Twitter critics are lining up to demand Australian-born right-wing media mogul Rupert Murdoch be stripped of his U.S. citizenship and deported after undermining American democracy with a cascade of recently revealed Fox News lies about the 2020 presidential election.
Murdoch, whose media operations frequently rail against immigration, became an American citizen in 1985, which allowed him to circumvent a law barring foreign nationals from owning more than 20% of a U.S. broadcasting license.
(Fox News host Tucker Carlson had an ironic moment on the air just last year about the damage foreign-born billionaires can wreak in a nation.)
Despite Murdoch’s lucrative citizenship switch, he’s apparently no big fan of U.S. democracy. He and Fox News continued to peddle Donald Trump’s baseless claim of a fraudulent presidential election that news hosts and executives didn’t believe, according to a bombshell brief filed earlier this week.
Murdoch blasted a memorably unhinged press conference by Trump ally Rudy Giuliani and lawyer Sidney Powell after Trump’s election loss that bizarrely claimed voting machine software had been manipulated in a plot spearheaded by Venezuelan dictator Hugo Chavez, who had been in the grave for seven years by then.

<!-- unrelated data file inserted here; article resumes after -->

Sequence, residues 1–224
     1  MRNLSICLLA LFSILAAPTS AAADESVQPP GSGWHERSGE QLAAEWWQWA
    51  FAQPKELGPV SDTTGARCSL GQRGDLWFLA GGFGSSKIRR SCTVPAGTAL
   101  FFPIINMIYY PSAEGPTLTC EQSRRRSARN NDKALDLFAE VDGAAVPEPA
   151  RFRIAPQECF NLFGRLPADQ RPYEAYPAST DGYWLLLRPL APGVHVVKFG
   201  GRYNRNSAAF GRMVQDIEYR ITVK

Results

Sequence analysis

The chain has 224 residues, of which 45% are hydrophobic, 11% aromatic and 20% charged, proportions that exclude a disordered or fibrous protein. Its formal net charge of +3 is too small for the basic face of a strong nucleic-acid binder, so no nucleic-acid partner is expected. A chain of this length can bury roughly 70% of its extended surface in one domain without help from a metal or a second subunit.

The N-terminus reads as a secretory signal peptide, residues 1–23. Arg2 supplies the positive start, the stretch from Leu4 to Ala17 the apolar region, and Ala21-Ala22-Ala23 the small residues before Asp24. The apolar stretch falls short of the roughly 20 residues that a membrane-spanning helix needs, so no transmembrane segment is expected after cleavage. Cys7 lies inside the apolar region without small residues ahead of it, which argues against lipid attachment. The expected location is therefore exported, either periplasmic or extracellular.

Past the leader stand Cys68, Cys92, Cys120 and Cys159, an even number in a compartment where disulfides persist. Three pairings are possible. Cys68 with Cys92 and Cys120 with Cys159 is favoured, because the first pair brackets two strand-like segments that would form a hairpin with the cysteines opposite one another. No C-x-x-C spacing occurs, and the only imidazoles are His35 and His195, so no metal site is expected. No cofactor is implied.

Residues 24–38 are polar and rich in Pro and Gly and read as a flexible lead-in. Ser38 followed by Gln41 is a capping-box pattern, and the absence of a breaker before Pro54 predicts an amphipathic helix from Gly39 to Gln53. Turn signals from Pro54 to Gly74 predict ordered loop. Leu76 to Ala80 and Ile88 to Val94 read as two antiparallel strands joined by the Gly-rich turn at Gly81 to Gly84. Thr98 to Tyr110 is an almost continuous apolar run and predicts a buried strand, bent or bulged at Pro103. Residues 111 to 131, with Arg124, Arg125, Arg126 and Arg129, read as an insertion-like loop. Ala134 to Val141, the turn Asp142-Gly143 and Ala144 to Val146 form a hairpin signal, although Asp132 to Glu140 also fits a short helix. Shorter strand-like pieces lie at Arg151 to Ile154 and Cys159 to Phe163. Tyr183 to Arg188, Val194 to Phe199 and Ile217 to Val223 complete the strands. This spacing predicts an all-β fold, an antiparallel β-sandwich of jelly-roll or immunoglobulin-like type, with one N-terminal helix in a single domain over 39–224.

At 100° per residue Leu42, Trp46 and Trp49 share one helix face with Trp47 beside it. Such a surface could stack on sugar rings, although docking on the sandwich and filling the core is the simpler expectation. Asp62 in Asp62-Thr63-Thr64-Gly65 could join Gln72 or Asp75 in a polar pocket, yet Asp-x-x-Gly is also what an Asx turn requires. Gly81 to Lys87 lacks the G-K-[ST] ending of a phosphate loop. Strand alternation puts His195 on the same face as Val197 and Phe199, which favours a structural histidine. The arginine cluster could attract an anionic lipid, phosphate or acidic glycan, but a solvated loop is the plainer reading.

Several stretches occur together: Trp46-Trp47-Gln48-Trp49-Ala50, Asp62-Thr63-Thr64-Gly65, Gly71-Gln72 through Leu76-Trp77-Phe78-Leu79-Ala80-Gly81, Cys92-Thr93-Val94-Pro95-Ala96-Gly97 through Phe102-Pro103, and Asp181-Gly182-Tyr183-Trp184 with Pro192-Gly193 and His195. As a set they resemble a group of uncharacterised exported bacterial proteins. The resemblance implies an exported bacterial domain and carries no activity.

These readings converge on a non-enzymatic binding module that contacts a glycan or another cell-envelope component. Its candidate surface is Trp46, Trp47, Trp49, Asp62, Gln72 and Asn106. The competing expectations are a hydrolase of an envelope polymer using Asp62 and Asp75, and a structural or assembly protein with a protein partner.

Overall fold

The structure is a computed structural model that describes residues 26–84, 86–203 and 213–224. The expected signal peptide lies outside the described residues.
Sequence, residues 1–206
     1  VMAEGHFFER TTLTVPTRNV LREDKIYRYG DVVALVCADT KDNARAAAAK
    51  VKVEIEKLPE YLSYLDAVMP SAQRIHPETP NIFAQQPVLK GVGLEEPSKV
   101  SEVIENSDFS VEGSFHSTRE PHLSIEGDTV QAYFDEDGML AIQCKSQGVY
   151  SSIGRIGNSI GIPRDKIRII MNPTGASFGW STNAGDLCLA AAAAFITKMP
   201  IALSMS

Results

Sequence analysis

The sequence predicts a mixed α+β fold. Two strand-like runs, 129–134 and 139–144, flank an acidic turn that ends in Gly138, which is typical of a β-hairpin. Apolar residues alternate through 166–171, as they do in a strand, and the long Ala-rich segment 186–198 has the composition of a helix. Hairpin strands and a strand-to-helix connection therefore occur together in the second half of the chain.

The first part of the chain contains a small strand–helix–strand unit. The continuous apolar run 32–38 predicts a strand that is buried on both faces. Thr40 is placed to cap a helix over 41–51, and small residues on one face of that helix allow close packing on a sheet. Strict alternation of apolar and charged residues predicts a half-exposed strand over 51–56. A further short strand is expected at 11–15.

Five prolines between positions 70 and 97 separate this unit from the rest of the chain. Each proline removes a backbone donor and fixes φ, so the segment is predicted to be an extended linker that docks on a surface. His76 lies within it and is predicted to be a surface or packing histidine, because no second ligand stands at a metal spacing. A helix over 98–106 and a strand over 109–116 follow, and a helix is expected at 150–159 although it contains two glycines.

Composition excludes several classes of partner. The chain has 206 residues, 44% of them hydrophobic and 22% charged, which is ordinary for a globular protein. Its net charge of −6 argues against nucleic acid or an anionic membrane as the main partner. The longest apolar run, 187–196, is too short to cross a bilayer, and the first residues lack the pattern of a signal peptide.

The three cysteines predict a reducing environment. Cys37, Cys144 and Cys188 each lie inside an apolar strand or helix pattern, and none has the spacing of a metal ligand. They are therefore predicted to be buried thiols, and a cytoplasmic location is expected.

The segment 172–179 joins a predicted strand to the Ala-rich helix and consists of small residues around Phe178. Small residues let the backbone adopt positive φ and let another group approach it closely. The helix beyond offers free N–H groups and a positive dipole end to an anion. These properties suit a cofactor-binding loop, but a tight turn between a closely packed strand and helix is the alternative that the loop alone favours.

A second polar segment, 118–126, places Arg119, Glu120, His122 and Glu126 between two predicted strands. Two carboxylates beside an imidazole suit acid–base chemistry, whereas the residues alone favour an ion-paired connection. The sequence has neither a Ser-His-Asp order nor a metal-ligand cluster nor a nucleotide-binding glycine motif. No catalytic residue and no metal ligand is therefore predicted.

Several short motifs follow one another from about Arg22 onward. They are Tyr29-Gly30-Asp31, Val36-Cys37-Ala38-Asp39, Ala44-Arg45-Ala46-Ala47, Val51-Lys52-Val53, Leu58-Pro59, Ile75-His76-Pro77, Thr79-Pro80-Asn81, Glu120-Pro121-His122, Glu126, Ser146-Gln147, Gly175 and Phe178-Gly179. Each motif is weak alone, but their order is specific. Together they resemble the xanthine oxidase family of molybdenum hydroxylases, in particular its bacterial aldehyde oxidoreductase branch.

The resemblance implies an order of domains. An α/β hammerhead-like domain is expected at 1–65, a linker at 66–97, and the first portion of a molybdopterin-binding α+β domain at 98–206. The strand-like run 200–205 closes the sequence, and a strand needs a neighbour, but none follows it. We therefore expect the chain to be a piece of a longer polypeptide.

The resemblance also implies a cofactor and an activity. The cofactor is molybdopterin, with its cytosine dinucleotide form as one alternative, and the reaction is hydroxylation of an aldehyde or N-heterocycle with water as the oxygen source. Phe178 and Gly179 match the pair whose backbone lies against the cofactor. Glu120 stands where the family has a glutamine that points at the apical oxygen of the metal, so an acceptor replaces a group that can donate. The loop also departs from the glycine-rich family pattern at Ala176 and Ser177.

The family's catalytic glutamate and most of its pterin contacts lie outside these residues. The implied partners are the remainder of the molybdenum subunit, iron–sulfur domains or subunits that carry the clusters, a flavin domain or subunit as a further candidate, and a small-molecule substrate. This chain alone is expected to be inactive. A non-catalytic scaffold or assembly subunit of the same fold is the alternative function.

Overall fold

“Really crazy stuff. And damaging,” Murdoch wrote in a November 2020 text message, revealed in a brief filed Thursday by attorneys for Dominion Voting Systems. The company is suing Fox News and its parent Fox Corporation for $1.6 billion over alleged defamation.
Carlson said in a message obtained by Dominion that Powell was “lying” about having proof of her wild claims and called Trump a “demonic force,” according to the brief. Fox executives were so worried about the danger Trump posed that they refused to allow him on Lou Dobbs’ program on Jan. 6, 2021, deeming that to do so would be “irresponsible,” the brief noted.
Yet despite that, Murdoch’s Fox continued to support Trump and his tale of a rigged election to pander to the former president’s supporters.
Now, his enemies are raging on Twitter to boot him out of the country.
Murdoch could not immediately be reached for comment.
Fox is defending itself in Dominion’s defamation case by arguing that the company has “cherry-picked quotes,” and that “freedom of the press and freedom of speech are fundamental rights afforded by the Constitution.” But courts in the past have not always protected deliberate lying.
Dominion is arguing in its brief that Fox News hosts and executives did not believe Trump’s rigged election lie, yet deliberately continued to peddle the story on the network, which Dominion claims meets the bar for defamation.